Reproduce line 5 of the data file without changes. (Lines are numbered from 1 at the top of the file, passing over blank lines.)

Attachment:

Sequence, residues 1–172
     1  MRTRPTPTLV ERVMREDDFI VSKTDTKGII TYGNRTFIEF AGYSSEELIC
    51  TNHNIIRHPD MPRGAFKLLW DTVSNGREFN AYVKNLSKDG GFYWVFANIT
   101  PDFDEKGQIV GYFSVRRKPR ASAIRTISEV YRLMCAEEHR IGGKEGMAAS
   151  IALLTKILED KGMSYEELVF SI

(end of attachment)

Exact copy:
   151  IALLTKILED KGMSYEELVF SI